KUALA LUMPUR, Jan 22 — Approximately 40 per cent of truck drivers have left their posts to join the installation of the East Coast Rail Link (ECRL) project, raising concerns over a shortage of drivers in the Klang Valley and its adverse impact on local construction projects, warned lorry associations.
Secretary-general of the Malaysia Tipper Lorry Operator’s Association (MTLOA) Tan Boon Hing highlighted the root cause, stating better pay, fixed hours and less hassle with dealing with enforcement agencies as key reasons for this migration.
“Many lorry companies and their drivers are going to the ECRL project, so there is a shortage of lorry drivers in the Klang Valley. This, in turn, is affecting the many construction projects in the area,” he told Malay Mail.
Tan said that the allure of ECRL work extends beyond monetary considerations.
He pointed out the numerous stipulations faced by city lorry drivers, such as restricted driving hours and road limitations.
In contrast, ECRL positions offer a more attractive work environment with fixed hours, eliminating early morning shifts and allowing for more leisurely breaks.
“I think we have lost about 40 per cent right now. All the older drivers have retired. New drivers coming in are mainly from the 50- to 60-year-old demographic, while the 30- to 40-year-olds prefer to be Grab drivers or GrabFood riders as it is easier to get a licence than taking a truck out,” added Tan.
A general view of the East Coast Rail Link (ECRL) project in Kuantan tunnel area March 6, 2023. ECRL positions for truck drivers offer a more attractive work environment with fixed hours, eliminating early morning shifts and allowing for more leisurely breaks. — Picture by Hari Anggara
Tipper lorry drivers involved in the ECRL project are primarily tasked with lifting sand, rock and other construction materials, contributing to the development of the expansive rail link initiative.
Echoing Tan’s concerns was Hairi Md Ali, 51, who has three decades of experience in the industry. He is currently the adviser to the Malaysian Association of Land Lorry Drivers.
Hairi too felt the reason for the exodus, besides pay, was the heavy-handed enforcement actions by authorities.
Lamenting rising costs, Hairi highlighted increased lorry rental and maintenance expenses, citing geopolitical events and economic challenges all while criticising enforcement agencies for causing unnecessary delays due to prolonged checks, citing an example of fining drivers for adding lights to enhance visibility.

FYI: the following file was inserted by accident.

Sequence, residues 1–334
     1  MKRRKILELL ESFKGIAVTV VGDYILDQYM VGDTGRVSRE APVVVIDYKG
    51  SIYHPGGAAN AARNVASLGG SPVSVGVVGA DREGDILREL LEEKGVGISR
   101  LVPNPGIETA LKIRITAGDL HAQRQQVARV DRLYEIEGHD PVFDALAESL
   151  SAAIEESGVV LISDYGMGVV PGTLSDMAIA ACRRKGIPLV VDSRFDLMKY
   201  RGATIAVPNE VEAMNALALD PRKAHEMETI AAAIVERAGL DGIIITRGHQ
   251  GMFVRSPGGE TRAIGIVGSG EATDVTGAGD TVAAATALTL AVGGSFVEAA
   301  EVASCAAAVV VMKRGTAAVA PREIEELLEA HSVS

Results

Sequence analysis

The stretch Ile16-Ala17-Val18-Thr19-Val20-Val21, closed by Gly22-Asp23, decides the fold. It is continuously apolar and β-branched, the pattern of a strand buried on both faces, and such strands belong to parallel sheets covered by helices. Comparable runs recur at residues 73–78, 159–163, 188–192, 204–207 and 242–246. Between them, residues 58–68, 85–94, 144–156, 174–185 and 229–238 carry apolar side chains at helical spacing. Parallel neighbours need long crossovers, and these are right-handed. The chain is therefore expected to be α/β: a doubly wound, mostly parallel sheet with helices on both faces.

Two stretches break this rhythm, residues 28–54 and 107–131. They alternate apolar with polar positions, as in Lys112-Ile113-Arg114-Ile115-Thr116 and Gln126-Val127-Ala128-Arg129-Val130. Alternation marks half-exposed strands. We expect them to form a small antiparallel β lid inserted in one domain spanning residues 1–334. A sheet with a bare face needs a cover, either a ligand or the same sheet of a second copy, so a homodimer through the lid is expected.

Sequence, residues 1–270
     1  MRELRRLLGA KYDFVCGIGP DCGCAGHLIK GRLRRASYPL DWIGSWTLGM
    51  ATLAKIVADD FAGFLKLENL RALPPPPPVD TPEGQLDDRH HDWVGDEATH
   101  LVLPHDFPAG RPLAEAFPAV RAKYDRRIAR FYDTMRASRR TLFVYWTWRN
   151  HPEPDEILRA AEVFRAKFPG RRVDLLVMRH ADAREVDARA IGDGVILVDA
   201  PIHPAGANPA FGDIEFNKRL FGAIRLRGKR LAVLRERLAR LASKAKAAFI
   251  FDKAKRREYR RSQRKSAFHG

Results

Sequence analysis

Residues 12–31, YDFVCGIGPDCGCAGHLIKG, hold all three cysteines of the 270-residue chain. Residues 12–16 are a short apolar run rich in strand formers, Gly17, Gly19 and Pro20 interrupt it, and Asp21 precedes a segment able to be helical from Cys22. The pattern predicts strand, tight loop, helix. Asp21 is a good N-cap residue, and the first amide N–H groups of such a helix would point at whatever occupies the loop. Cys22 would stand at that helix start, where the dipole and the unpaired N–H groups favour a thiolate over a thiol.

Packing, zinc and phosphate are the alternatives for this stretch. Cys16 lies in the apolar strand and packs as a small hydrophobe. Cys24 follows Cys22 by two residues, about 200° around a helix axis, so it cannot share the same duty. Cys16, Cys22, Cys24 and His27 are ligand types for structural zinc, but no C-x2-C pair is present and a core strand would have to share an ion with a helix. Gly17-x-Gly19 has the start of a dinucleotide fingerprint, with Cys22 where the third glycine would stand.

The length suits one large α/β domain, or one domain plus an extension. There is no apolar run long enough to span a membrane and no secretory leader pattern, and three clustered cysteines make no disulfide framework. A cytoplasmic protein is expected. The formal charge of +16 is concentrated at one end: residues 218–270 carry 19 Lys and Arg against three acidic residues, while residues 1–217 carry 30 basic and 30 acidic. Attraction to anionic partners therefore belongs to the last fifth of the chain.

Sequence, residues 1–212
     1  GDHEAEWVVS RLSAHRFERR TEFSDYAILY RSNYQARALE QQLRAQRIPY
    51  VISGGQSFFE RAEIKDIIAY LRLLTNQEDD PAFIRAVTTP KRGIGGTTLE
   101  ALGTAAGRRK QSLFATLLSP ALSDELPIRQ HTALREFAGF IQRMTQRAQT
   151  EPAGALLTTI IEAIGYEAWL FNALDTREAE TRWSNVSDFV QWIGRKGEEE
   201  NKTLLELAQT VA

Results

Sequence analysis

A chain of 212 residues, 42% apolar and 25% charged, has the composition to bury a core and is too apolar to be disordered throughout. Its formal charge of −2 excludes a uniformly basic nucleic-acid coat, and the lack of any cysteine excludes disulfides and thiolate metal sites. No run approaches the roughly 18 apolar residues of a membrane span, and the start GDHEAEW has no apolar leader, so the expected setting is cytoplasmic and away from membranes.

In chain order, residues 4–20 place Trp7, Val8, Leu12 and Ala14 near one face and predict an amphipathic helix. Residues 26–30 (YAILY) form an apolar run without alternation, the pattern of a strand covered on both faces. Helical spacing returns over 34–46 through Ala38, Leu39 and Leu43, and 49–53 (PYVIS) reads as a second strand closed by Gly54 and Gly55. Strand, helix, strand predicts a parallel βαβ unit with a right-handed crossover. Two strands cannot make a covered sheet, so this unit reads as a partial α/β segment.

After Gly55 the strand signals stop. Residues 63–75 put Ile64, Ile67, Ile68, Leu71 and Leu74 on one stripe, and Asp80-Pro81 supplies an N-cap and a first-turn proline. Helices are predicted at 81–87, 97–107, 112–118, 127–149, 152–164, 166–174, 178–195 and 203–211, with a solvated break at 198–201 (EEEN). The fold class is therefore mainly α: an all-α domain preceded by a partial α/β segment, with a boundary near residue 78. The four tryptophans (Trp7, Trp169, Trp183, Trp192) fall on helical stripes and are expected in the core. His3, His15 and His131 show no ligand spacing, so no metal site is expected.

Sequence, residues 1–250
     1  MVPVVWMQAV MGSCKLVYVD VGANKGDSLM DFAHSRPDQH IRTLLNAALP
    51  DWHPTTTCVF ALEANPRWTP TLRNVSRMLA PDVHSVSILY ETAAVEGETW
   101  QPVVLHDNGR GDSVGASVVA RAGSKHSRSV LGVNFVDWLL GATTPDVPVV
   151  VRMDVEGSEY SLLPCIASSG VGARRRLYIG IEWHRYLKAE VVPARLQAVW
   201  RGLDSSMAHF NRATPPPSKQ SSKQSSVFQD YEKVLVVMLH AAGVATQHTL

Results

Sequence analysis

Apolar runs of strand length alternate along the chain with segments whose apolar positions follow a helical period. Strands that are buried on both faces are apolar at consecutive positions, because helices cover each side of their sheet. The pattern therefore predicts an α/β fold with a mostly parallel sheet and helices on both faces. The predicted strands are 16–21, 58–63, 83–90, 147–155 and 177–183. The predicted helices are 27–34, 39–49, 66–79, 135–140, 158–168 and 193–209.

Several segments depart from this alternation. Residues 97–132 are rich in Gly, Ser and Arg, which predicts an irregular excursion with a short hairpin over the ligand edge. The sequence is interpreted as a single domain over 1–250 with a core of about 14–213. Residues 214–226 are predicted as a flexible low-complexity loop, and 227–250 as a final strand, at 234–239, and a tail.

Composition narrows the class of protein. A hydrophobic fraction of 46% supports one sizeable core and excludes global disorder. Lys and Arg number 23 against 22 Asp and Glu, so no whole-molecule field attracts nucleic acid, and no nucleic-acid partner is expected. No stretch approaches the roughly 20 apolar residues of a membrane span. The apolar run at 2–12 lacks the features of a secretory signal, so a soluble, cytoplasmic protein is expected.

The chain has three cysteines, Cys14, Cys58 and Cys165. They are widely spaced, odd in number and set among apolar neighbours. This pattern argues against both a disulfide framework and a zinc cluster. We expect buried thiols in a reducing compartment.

Hairi said a permit for a 10-tyre lorry is RM24,000. A lorry driver gets paid RM6 per tonne that he carries, and the truck can take up to 10-12 tonnes per trip. If the truck is transporting sand or rock, they are only allowed to fill it halfway.
“One trip you make, you get paid only RM60, meaning they have to transport 40-50 tonnes in order to make about RM250 or so. Now add to that rising costs of everything from repairs to tyres and oil, then add the fines and the time it is taking enforcement agencies to hassle us and find fault with us and tell me, how is any truck driver going to earn RM3,000 a month?
“A trailer from Kedah to Kuala Lumpur to Johor in one month you can take up to 10 maximum 12 trips, that’s how most of them try to earn RM3,000, but imagine the hours. So to stop and be checked constantly and fined constantly is painful.
“I know the government earns money from fines, but I wish we would be more practical. Sometimes, at night, it is hard to see so the driver may add an extra light instead of using the reflective stickers. This also means the authorities want to find fault and fine us.
“There is no practicality and common sense in the decisions being made because all of the ministers and agency heads do not have any experience in the field,” he lamented.